Provides microprocessor reliability in a compact design
For use in a variety of liquids, including foods, beverages, chemicals, oils, water, as well as slurries and some solids, Madison Co. has added the U3M Ultrasonic "Mini Probe" to its full range of ultrasonic level sensors. The U3M has a compact design that extends just over 2 inches in height above the tank or drum surface and has an operating range of 4 inches to 6 ft. The U3M has a PVC housing that allows for an operating temperature range of -40 to 60C that can be increased to as high as 125C with an optional CPVC or Kynar housing. The U3M's microprocessor-based circuits provide a temperature-compensated signal for improved accuracy and the ability to filter false echoes produced by peripheral obstructions. On-board push buttons allow for calibration without the need for software and computers. Optional RS485 communications are available for computer interfacing and for networking up to 128 sensors. The "Mini Probe" has a self-cleaning sensor face and will automatically adjust power and sensitivity to any environment. Madison Co. http://rbi.ims.ca/4912-535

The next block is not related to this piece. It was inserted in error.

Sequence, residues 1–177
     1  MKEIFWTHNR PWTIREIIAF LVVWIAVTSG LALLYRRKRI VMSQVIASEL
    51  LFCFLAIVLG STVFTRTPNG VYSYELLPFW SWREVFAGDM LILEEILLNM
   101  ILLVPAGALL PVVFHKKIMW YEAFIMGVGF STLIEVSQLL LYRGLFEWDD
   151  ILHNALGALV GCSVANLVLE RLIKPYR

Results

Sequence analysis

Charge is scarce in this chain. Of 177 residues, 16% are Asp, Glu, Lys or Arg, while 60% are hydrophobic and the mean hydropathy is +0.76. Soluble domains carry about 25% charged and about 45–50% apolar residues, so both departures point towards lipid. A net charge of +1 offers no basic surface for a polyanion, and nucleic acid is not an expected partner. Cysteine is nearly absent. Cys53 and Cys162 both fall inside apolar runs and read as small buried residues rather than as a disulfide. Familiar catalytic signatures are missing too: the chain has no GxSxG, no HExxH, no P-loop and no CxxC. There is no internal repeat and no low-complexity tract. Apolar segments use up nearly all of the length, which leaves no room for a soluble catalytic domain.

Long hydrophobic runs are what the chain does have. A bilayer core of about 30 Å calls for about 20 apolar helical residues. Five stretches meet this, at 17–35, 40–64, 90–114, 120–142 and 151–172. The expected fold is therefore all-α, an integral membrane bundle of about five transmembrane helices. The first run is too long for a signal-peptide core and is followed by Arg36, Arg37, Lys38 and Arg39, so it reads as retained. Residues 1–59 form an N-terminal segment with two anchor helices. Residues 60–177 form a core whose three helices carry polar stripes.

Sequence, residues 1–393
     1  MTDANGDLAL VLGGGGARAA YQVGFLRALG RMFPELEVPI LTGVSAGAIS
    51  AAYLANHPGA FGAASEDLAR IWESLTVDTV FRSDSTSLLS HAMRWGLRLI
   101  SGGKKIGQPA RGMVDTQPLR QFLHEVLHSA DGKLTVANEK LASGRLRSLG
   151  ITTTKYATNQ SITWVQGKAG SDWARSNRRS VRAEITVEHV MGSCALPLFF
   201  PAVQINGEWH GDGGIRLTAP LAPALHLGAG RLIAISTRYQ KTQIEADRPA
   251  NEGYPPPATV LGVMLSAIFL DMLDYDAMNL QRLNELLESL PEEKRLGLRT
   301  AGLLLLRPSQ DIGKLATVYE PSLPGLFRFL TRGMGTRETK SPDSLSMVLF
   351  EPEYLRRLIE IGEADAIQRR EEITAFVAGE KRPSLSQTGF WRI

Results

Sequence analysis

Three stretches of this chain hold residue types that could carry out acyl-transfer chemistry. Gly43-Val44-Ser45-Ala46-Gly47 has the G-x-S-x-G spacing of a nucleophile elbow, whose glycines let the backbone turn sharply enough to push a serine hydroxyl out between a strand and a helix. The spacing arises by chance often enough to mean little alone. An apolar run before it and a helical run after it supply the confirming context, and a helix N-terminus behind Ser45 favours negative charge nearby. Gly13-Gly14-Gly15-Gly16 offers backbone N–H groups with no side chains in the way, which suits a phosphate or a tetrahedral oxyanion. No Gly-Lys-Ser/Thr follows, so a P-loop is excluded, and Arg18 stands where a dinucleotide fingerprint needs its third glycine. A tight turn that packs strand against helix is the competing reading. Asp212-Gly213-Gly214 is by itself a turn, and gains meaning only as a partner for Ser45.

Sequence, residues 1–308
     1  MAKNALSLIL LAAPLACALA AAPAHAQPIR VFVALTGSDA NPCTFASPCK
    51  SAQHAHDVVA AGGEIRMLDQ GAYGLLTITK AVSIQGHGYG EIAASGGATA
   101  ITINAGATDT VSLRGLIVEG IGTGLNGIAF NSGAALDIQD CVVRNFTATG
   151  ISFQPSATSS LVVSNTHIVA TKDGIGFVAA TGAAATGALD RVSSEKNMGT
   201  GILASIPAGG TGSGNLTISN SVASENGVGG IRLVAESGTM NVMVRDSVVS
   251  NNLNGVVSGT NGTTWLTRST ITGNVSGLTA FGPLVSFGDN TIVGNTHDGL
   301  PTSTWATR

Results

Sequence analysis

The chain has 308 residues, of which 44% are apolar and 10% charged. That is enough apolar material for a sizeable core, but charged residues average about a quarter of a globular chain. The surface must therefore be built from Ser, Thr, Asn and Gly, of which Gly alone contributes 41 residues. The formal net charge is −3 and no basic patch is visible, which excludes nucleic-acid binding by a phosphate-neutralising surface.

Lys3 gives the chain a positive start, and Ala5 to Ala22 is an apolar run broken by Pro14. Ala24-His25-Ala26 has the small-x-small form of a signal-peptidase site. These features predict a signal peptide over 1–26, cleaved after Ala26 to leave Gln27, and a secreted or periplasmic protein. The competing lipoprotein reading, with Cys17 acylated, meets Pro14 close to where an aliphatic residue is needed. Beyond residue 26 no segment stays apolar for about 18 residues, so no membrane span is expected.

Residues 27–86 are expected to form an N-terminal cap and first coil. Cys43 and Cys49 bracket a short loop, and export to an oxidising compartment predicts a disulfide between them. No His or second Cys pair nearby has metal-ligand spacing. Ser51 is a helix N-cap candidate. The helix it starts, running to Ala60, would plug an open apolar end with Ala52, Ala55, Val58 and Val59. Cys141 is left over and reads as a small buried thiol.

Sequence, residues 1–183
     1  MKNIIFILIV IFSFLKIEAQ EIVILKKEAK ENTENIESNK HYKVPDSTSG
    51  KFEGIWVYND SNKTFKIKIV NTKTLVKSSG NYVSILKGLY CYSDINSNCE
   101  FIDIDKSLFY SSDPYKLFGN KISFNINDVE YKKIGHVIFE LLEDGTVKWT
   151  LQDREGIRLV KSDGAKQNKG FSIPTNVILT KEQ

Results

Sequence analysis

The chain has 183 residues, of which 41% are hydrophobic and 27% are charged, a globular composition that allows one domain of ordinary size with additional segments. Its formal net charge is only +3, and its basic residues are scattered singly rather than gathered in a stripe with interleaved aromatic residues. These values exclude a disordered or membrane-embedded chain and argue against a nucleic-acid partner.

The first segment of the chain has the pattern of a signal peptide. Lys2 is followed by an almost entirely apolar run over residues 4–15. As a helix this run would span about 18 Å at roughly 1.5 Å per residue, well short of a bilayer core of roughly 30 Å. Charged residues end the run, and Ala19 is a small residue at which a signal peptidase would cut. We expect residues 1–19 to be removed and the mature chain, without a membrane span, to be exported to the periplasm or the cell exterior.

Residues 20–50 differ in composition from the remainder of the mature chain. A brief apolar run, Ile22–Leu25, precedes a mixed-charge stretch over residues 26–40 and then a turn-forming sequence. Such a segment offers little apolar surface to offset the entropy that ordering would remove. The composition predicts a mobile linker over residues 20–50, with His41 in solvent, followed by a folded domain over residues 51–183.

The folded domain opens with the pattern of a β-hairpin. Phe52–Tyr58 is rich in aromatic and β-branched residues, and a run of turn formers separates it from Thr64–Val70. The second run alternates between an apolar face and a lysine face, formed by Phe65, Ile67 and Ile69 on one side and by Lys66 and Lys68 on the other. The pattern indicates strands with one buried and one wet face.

Samsung's Galaxy line of smartphones used to fare quite well in the repairability department, but last year's flagship S5 model took a tumble, scoring a meh-inducing 5/10. Will the newly redesigned S6 lead us back into star-studded territory, or will we sink further into the depths of a repairability black hole?
In 2003, the world contained just over 500 million Internet-connected devices. By 2010, this figure had risen to 12.5 billion connected objects, almost six devices per individual with access to the Internet. Now, as we move into 2015, the number of connected 'things' is expected to reach 25 billion, ultimately edging toward 50 billion by the end of the decade.
NASA engineer Brian Trease studied abroad in Japan as a high school student and used to fold fast-food wrappers into cranes using origami techniques he learned in library books. Inspired by this, he began to imagine that origami could be applied to building spacecraft components, particularly solar panels that could one day send solar power from space to be used on earth.
Focus on Fundamentals consists of 45-minute on-line classes that cover a host of technologies. You learn without leaving the comfort of your desk. All classes are taught by subject-matter experts and all are archived. So if you can't attend live, attend at your convenience.